Bruce Boudreau

Boudreau doesn’t know how Ducks goalie situation will ‘shake out’

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For better or worse, Anaheim Ducks head coach Bruce Boudreau seems to be the type who “rides the hot hand” with goalies rather than sticking with a No. 1 guy no matter what. It’s easy to foresee such a situation repeating itself next season, too.

While Jason LaBarbera represents an emergency backup plan for a variety of situations, the battle comes down to two promising-yet-largely-untested options in Frederik Andersen and John Gibson. Boudreau’s assessment of the situation to NHL.com is honest, if nothing else:

“We think we’ve got two really good goalies and an experienced, veteran goalie,” Boudreau said. “I think we’re OK there, I just don’t know how it will shake out.”

Quite a bargain

The Ducks are taking an interesting and calculated gamble with their goalies.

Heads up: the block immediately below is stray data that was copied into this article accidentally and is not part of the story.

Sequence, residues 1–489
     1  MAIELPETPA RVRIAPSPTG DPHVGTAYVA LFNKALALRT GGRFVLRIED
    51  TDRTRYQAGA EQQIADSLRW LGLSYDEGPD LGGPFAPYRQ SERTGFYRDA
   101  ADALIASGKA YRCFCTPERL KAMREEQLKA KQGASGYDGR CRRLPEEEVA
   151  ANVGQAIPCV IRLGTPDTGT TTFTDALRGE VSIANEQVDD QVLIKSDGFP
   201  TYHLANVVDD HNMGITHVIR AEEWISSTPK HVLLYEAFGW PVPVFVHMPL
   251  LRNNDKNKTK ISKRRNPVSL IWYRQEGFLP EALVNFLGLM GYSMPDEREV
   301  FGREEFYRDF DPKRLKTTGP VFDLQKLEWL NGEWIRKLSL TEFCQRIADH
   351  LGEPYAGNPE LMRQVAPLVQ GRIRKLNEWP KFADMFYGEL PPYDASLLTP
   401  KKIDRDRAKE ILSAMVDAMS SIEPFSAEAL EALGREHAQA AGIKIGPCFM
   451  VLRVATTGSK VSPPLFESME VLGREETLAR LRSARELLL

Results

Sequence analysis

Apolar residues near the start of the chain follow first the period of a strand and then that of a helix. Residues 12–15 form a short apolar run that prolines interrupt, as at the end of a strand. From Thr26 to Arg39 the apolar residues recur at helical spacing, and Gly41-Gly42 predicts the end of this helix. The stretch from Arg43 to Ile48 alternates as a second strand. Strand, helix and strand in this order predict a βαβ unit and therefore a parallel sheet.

Whether it’s Andersen – Gibson, Gibson – LaBarbera or Andersen – LaBarbera, the combined cap hit never rises above $2 million. In a league brimming with contenders who have made beefy, long-term commitments to a position that’s often erratic, Anaheim enjoys rare flexibility.

Of course, the flip side is that they face even more uncertainty than usual; while LaBarbera is an experienced (if unremarkable) journeyman at 34, Gibson, 21, and Andersen, 24, combine for 42 NHL appearances counting the regular season and playoffs.

Hindsight will dictate if the Ducks’ strategy will be considered brilliant or foolish, yet it falls into the larger narrative quite well.

Boudreau and goalies